After obtaining an M.A. in 1968 from the Dance Department at the University of California, Los Angeles, McCormick joined the faculty, where he taught costume design and construction, and designed for performance and degree productions at the department. He was a guest lecturer at California Institute of the Arts as well as other universities for many years.

McCormick retired in 1979, and settled in his birthplace of Gouverneur, then in nearby Canton, NY.

Show Comments ()
Dance Training
Courtesy Rachel Hamrick

When Rachel Hamrick was in the corps of Universal Ballet in Seoul, her determination to strengthen her flexibility turned into a side hobby that would eventually land her a new career. "I was in La Bayadere for the first time, and I was the first girl out for that arabesque sequence in The Kingdom of the Shades," she says. "I had the flexibility, but I was wobbly because I wasn't stretching in the right way. That's when I first started playing around with the idea of the Flexistretcher. It was tied together then, so it was definitely more makeshift," she says with a laugh, "But I trained with it to help me get the correct alignment so that I would have the strength to sustain the whole act."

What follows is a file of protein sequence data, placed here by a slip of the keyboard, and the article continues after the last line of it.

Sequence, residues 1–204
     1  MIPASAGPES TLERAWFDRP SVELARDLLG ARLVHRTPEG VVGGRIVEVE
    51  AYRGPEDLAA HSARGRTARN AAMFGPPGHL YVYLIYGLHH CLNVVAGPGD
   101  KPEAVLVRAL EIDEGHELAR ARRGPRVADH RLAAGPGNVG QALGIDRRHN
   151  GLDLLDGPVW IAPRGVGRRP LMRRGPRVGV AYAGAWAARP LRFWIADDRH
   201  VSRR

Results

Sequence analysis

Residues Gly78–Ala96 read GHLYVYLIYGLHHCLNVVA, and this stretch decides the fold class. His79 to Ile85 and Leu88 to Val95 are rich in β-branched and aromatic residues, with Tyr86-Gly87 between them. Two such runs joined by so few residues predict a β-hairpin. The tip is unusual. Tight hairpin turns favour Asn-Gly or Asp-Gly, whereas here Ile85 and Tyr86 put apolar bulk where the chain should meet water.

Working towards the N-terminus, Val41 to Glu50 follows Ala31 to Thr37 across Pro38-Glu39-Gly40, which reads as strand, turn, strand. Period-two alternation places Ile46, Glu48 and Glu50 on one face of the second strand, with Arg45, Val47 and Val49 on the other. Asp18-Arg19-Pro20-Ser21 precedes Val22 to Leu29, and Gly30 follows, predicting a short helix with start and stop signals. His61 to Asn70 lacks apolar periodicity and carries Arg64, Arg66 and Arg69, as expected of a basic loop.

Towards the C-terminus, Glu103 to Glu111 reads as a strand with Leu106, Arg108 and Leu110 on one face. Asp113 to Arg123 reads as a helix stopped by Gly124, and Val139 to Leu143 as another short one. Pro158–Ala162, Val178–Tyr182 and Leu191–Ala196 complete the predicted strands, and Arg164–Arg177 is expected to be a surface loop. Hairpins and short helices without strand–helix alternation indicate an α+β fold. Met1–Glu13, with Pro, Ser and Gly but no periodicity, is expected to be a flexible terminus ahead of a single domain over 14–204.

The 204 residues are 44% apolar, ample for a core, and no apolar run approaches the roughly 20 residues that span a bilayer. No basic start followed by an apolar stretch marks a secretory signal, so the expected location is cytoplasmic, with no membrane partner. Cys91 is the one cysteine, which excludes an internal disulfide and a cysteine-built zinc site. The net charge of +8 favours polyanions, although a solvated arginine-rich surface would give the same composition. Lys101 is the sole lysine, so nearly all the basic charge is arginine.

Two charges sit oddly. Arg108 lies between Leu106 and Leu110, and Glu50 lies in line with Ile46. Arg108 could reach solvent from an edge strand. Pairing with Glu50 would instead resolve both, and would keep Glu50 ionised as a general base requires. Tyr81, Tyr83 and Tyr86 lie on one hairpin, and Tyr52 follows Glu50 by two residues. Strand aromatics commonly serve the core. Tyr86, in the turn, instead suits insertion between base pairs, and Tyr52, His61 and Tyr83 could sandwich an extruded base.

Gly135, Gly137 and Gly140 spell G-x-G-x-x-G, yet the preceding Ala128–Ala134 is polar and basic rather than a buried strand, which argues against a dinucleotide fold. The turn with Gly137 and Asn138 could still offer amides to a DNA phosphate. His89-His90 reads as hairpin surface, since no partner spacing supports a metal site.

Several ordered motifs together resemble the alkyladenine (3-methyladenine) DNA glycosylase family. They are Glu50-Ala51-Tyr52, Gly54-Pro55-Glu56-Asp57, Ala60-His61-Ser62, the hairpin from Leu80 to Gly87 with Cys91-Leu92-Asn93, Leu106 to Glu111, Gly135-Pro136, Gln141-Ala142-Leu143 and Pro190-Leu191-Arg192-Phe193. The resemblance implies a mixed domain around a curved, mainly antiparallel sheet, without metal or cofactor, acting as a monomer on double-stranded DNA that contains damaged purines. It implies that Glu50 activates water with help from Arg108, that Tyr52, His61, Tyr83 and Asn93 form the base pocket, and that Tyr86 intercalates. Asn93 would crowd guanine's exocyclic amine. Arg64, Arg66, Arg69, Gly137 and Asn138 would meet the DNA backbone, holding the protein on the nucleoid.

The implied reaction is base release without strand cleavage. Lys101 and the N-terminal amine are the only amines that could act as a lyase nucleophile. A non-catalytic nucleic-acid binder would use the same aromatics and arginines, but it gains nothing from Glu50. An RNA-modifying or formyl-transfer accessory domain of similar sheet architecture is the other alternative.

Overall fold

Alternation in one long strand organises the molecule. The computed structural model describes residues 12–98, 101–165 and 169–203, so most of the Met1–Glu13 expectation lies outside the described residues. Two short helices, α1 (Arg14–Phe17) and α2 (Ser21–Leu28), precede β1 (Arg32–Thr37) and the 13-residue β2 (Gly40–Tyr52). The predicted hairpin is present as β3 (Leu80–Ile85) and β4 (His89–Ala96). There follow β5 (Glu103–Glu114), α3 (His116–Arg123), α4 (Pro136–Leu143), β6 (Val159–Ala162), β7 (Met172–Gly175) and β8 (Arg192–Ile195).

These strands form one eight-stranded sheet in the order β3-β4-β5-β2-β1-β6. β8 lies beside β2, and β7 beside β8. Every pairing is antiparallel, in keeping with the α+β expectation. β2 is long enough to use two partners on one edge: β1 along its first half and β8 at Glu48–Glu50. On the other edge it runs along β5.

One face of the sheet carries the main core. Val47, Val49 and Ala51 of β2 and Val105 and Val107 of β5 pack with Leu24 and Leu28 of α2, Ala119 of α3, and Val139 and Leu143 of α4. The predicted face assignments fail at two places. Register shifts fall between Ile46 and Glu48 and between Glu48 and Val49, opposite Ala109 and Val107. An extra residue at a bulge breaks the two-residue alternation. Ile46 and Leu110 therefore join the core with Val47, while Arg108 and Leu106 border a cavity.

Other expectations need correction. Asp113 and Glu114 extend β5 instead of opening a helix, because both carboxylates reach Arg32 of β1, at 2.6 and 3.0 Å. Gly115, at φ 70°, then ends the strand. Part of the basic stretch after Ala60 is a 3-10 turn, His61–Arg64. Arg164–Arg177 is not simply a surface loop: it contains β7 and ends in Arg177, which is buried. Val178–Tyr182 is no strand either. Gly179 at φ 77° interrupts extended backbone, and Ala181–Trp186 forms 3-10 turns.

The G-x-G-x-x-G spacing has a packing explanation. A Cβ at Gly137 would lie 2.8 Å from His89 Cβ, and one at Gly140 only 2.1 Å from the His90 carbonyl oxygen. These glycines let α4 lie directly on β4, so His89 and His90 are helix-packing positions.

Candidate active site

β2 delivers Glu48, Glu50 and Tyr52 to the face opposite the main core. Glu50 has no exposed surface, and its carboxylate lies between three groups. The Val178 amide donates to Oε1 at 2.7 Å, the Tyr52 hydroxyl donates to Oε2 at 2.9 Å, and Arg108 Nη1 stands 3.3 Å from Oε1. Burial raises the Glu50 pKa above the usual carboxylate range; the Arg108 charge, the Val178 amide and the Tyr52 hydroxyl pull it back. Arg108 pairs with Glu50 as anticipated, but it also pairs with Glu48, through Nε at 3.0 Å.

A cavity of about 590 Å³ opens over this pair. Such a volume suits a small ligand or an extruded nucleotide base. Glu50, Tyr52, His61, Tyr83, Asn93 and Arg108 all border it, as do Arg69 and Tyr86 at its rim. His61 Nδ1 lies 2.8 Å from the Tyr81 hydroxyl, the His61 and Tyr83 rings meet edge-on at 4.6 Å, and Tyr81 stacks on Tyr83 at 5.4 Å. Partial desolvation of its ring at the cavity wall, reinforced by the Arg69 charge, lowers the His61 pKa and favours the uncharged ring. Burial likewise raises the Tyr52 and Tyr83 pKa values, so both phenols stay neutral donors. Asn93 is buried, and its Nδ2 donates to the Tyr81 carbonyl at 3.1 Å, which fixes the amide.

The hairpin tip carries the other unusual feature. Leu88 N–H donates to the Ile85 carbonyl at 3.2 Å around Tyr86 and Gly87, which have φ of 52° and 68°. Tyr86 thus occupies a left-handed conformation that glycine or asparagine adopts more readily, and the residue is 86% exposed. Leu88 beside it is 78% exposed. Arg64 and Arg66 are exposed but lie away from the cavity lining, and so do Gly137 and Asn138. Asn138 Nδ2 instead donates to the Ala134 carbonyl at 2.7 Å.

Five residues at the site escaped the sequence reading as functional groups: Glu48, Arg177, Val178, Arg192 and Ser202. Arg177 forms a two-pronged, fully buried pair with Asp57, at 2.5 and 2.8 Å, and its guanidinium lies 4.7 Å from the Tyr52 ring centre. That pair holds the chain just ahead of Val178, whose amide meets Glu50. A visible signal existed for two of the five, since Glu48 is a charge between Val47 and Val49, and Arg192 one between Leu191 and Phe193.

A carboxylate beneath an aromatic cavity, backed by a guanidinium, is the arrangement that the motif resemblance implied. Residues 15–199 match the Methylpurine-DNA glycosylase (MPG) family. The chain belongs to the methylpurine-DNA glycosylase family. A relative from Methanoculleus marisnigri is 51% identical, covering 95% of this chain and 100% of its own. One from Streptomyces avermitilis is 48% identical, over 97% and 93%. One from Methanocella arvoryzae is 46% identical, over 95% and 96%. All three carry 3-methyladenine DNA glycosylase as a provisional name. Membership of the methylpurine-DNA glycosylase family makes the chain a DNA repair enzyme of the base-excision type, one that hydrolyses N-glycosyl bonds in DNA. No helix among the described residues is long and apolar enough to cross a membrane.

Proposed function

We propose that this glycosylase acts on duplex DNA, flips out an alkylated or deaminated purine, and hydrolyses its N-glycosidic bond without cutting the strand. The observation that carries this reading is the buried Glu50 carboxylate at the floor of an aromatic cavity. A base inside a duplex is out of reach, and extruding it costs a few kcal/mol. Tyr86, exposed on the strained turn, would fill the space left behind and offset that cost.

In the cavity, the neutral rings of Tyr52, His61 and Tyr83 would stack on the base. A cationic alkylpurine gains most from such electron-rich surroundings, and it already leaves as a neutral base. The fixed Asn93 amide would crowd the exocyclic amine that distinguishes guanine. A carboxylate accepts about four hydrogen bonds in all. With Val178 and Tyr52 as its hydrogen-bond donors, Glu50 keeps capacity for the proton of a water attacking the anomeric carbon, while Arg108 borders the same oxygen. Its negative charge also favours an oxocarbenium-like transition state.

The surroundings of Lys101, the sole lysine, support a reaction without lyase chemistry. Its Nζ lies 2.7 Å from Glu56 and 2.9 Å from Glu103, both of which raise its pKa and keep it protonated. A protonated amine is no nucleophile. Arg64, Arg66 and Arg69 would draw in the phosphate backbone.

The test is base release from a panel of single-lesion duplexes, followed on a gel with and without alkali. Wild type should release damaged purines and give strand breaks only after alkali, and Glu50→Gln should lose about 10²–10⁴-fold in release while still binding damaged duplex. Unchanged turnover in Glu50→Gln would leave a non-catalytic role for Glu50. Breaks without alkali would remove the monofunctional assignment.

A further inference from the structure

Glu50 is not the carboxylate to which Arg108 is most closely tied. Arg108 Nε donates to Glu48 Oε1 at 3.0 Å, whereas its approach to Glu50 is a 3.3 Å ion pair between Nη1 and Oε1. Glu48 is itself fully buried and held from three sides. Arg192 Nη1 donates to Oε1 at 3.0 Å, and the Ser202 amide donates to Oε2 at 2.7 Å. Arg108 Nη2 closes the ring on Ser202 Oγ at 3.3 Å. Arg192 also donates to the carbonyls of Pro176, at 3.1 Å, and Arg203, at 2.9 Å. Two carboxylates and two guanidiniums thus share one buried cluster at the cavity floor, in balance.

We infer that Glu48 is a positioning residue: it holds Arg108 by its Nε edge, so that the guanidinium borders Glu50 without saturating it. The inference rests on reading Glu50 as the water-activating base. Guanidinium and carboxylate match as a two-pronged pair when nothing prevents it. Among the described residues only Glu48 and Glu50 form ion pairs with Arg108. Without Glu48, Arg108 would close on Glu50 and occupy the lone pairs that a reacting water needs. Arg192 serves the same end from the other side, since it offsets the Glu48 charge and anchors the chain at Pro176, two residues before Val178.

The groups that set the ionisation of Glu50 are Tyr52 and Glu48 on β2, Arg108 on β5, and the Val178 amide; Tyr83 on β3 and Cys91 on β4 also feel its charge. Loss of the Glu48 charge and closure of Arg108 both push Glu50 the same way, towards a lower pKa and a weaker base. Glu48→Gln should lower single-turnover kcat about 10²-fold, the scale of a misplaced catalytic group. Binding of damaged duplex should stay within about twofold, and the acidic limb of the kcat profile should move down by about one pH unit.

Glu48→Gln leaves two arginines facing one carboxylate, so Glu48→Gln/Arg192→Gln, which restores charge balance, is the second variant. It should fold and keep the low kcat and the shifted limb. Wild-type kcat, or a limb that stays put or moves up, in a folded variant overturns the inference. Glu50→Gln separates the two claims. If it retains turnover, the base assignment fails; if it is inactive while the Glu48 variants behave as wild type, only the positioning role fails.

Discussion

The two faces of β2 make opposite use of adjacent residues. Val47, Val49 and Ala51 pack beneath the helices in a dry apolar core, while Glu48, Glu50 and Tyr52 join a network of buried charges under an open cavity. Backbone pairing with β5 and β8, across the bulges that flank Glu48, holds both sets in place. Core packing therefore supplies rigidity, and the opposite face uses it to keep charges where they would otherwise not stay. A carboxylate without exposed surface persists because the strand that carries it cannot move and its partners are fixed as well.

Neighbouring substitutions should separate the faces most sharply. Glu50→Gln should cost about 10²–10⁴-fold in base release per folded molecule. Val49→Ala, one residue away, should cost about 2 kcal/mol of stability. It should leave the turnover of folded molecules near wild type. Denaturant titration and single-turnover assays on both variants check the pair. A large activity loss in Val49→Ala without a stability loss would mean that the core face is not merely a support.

Now, Hamrick is running her own business, complete with an ever-growing product line and her FLX training method—all because of her initial need to make it through 38 arabesques.

Keep reading... Show less
Dance on Broadway
The cast of Head Over Heels performs "We Got the Beat." Photo by Joan Marcus, Courtesy Boneau/Bryan-Brown.

For the new Broadway season, Ellenore Scott has scored two associate choreographer gigs: For Head Over Heels, which starts previews June 23, Scott is working with choreographer Spencer Liff on an original musical mashing up The Go-Go's punk-rock hits with a narrative based on Sir Philip Sidney's 1590 book, Arcadia. Four days after that show opens, she'll head into rehearsals for this fall's King Kong, collaborating with director/choreographer Drew McOnie and a 20-foot gorilla.

Scott gave us the inside scoop about Head Over Heels, the craziness of her freelance hustle and the most surprising element of working on Broadway.

Keep reading... Show less
Get the print edition!
Just for Fun
Including, of course, Center Stage (Screenshot via Vimeo)